Psychic School Wars is based on a 1970s sci-fi novel (that I’m going to do my best to track down now). This particular adaptation is from 2012.
Seki Kenji is a rather average highschool boy. He’s in love with his classmate Kahori, who appears to be a studious, musical young girl. They share a mutual friend, Natsuki. Natsuki is athletic and loud, and Kenji’s neighbor. It’s clear that they have a close relationship – they’ve been friends since childhood.
One day, a transfer student shows up in Kenji’s class. Introduced as Ryoichi, he immediately catches Kahori’s eye and is welcomed into their little group of friends.
Soon, things start getting a little strange at school. Students and teachers begin either changing or disappearing. There is a push to completely ban cellphones. Ryoichi seems to be at the forefront of these changes, and soon reveals himself as a psychic who has come to earth to find teenagers with latent psychic abilities.
It soon becomes clear that Seki is the only one who can stand up to Ryoichi in the quickly changing school. But what does he need all these psychics for, and what is Ryoichi’s true story?
We turned this into a movie date night, so I actually had a second opinion for this review, and at the end our thoughts were a bit mixed.
We both liked it, for the most part. But the plotline was quite thin at times – and perhaps would have been better suited to a series than a single movie. There were a few parts where it was hard to really tell what was going on. Smaller subplots – like the banning of cellphones in school – seemed to be really important, while they were actually kind of inconsequential. Psychic School Wars wraps up with a lot of loose ends and questions.
In something as fantastical as science-fiction, the story-telling has to go to a little extra effort to make everything believable and understandable. While I wouldn’t necessarily consider this a failure, I think it could have been much better in that respect. By the end, both of us had questions, and it didn’t take long to realize that those questions were more of a storytelling weakness than us just not paying attention. By the end, there were so many things I still didn’t understand. Things that felt like they were supposed to be important, but just got swept under the rug in favour of chasing down the love stories instead.
The characters were rather clichéd, but it was hard not to love them. This could have been because the movie itself was so moving – I’ll touch on the art, animation, and music shortly – but the end result is the same. I’ve seen some reviews say that it’s hard to care about them. I disagree – the main characters seemed alive and real to me. They were empathetic and realistic in their actions. The romantic aspects were probably the most compelling part for me because of this.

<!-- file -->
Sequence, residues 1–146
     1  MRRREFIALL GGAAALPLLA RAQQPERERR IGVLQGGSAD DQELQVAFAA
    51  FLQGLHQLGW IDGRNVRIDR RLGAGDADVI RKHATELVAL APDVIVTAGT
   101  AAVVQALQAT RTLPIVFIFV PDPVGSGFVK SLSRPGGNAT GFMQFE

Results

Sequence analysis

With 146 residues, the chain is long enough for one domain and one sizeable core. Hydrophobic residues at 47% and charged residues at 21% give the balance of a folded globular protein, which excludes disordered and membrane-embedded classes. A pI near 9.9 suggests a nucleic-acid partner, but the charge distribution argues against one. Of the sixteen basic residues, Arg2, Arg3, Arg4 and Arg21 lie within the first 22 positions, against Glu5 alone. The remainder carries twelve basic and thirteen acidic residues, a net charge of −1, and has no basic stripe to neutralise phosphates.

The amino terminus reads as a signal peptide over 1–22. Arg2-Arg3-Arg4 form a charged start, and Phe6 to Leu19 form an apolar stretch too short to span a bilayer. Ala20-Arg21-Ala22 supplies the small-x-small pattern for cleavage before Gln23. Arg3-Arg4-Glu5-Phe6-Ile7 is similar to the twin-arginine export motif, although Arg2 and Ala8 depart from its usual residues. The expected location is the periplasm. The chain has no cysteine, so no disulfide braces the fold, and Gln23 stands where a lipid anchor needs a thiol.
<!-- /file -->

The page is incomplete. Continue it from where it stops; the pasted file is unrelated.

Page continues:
It was certainly worth watching, and we both enjoyed it. I just think it could have been handled a little bit better – some more follow-through and fleshing out the plot would go a long way. This is the main reason I think it would have made a good series instead of movie. Having that extra time would have given Psychic School Wars the room it needed to become a full-fledged story.
P.S. Make sure to keep watching through the credits. Just trust me. It’s important if you don’t want to feel like your sense of hope has been kicked off a cliff.
Art & Animation (and music)
Psychic School Wars is visually stunning.
From the moment we turned it on, the details and images were incredible – cherry blossom petals, light dancing on the ocean, sunrays through a school window. The use of light and colour is perfect. There is no moment of the movie that isn’t just breathtakingly beautiful.
Luckily, the animation is just as high-quality as the artwork. Movements are fast and fluid, and nothing ever really stays still. It’s clear that a lot of work went into this film – it was one of the best-animated things I’ve ever seen, and I don’t really say that lightly.
Along with the visuals, the music was perfect. Every background and theme matched perfectly to the scene. It’s almost hard to comment on because of how well it fit – this didn’t seem like a movie with several aspects to pick apart. Everything came together flawlessly to create a wonderful experience.
In a way, this probably helps to detract from the rather loose plot, but I guess I’m okay with that. While it’s not a masterpiece in storytelling, it certainly is a work of art and I’d highly recommend taking a look.
For your purchase, you’ll get an array of promotional videos and trailers. On the plus side, you’ll also get a beautiful box that will look nice in any anime collection.
One complaint my boyfriend had was that he couldn’t figure out if there was a way to turn on English subtitles with the dub (it’s our failsafe if we want to talk during a scene so that we can keep reading). I’m not sure if this is standard on all of Funi’s dvd/blu-ray sets. It probably is. When I watch by myself I usually watch in Japanese with a few checks on the dub’s accuracy and sound, so it’s nothing I’ve really paid attention to before.
This is one of the few cases where I’ll say that I think it’s worth getting ahold of a hard copy instead of streaming online. As great as Funi’s streaming site is, I could see a huge quality difference between playing it on the site and playing the blu-ray on my tv.
Overall, I think that Psychic School Wars is worth watching. For whatever thinness there is in the plot, the overall anime is worth it. The romantic subplots are engaging, the music is lovely, and the art is one of the most beautiful things I’ve ever seen. At the very least, it’s worth a look.